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The conjugacy problem for braid groups $B_3$ and $B_4$ can be solved in polynomial time, it is noted in the paper by Birman, Ko and Lee(2001).

That was a result in 2001. Are there any new results on other small braid groups? Is the conjugacy problem in $B_5$ solvable in polynomial time?

Also, I'm still curious on exactly how fast the conjugacy problem in $B_3$ can be solved(polynomial time is too broad). The only paper that described such algorithm is behind a paywall.

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2 Answers 2

This 2008 paper (freely available) explains the fastest known solution of the conjugacy problem in $B_3$. I think the polynomial time complexity of that solution can be easily extracted from that paper.

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This is a longish comment on the $B_3$ case.

$B_3$ is isomorphic to the fundamental group of the complement of a trefoil knot. A trefoil complement fibres over $S^1$ with fiber a once-punctured surface of genus $1$, so $B_3 \simeq F_2 \rtimes \mathbb Z$. So the conjugacy problem in $B_3$ is reducible to a conjugacy problem in $F_2$, the free group on two generators. I believe the action of $\mathbb Z$ on the fiber comes from the hexagonal tiling of the torus. An automorphism of order $6$ about a point of the hexagon induces the monodromy of the bundle.

Conjugacy in a free group can be solved by hyperbolic group / Dehn algorithm techniques (cyclic reduction of words, etc). So I expect this should be quite fast.

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Yes, this would result a linear algorithm for conjugacy problem in $B_3$. –  Chao Xu Jul 18 '11 at 1:19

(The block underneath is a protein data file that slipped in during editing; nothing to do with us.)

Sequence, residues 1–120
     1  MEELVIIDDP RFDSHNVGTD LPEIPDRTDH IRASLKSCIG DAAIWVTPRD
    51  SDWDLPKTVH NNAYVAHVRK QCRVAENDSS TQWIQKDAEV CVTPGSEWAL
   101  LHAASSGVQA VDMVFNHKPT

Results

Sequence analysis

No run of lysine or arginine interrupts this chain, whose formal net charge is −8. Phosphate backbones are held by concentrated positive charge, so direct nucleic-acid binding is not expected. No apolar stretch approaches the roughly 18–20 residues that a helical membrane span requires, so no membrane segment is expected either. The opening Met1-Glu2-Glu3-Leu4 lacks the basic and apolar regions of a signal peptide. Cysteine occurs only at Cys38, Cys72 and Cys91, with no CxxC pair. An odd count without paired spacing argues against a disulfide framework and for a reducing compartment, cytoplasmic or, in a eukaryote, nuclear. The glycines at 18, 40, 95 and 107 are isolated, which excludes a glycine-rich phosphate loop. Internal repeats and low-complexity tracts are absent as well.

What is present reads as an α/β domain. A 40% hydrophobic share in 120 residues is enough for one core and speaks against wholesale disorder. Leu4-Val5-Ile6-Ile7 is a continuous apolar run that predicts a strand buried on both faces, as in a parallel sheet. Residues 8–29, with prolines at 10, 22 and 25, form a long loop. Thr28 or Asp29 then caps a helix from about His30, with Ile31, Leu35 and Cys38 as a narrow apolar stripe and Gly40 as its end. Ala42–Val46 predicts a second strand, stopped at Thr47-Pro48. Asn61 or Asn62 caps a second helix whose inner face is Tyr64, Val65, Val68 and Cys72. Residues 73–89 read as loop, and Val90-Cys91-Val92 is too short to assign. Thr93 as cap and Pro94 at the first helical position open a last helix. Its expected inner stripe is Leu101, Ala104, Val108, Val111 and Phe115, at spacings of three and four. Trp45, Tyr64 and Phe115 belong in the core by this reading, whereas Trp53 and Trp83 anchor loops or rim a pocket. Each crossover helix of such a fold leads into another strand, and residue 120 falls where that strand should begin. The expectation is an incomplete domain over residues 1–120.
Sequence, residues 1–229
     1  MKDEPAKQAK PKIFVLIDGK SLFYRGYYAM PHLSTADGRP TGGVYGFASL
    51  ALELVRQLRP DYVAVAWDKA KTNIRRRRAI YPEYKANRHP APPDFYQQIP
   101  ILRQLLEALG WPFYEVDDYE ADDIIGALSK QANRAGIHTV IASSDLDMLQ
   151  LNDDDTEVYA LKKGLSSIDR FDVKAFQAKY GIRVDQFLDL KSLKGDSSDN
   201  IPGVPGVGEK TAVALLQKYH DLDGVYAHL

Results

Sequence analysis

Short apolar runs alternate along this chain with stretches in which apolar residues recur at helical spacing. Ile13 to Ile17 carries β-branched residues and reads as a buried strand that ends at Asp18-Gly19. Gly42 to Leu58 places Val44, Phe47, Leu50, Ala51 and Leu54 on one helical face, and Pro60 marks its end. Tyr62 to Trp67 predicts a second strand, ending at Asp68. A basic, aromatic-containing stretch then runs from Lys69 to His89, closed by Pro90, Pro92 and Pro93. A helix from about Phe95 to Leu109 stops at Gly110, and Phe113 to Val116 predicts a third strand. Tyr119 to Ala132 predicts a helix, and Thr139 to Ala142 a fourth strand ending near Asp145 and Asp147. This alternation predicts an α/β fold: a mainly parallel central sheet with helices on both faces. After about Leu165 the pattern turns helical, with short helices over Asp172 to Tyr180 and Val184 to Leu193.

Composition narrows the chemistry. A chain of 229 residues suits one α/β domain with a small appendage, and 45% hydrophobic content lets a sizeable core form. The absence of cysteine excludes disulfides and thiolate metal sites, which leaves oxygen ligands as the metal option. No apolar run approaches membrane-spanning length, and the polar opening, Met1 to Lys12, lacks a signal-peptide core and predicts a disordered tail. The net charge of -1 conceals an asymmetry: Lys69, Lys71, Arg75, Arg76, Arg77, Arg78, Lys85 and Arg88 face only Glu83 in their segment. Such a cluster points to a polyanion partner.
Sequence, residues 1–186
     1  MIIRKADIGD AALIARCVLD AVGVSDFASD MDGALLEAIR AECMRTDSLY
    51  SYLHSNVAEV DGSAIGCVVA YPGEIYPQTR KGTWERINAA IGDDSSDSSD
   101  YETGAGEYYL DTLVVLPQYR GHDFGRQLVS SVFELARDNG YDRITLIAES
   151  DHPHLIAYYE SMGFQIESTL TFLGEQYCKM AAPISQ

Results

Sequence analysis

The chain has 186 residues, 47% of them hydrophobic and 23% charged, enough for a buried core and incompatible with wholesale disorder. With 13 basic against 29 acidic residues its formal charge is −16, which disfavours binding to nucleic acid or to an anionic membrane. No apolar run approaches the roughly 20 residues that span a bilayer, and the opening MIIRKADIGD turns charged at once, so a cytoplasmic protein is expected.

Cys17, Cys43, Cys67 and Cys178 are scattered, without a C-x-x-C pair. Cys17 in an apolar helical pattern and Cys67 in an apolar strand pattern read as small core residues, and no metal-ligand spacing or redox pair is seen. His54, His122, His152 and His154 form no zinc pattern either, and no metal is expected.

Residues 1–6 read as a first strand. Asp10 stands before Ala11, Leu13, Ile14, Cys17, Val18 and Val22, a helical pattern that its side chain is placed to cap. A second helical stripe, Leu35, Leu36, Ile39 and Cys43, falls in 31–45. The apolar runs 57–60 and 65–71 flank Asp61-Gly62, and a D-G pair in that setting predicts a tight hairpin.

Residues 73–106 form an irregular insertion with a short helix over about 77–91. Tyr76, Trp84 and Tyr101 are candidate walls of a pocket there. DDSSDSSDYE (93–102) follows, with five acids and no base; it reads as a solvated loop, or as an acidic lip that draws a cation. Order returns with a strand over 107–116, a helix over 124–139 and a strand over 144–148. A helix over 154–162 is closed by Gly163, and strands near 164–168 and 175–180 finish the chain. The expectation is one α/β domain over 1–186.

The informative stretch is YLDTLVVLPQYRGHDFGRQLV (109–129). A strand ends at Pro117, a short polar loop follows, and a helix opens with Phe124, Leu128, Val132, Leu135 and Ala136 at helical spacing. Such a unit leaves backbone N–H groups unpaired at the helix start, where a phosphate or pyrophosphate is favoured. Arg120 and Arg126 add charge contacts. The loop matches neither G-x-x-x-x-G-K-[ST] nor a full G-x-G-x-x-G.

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@Ryan: The conjugacy problem for $F_2 \rtimes \mathbb Z$ does not reduce to the conjugacy problem in $F_2$. The conjugacy problem in $F_2$ is trivial: two cyclically reduced words are conjugate iff they are cyclic shifts of each other. –  Mark Sapir Jul 18 '11 at 2:37
    
Hi Mark. What do you mean by "does not reduce to..." ? By "reduce to" I don't mean they're the same thing, just that you can use the solution of the latter as a step in solving the former problem. The idea is to conjugate elements of $F_2 \rtimes \mathbb Z$ first by elements of $\mathbb Z$, then by elements of $F_2$. In both cases we know the outcome of the action, so technically this reduces to six applications of the solution to the conjugacy problem in $F_2$, one for every outer automorphism of $F_2$ induced by the monodromy. –  Ryan Budney Jul 18 '11 at 3:18
    
@Ryan: I mean that although the conjugacy problem in free-by-cyclic groups is solvable, it is a very non-trivial statement and the complexity is not known. In general the conjugacy problem in a semidirect product $G\rtimes {\mathbb Z}$ may be undecidable even if it is decidable in $G$. –  Mark Sapir Jul 18 '11 at 4:36
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@Ryan: There are groups with solvable conjugacy problem which are index 2 subgroups in groups with unsolvable conjugacy problem (and vice versa). As I understand, the easiest solutions of the conjugacy problem in $B_3$ uses the fact that $B_3$ is a central extension of $PSL_2({\mathbb Z})$. It is not trivial and is explained in the 2008 paper by Birman and others. –  Mark Sapir Jul 18 '11 at 16:40

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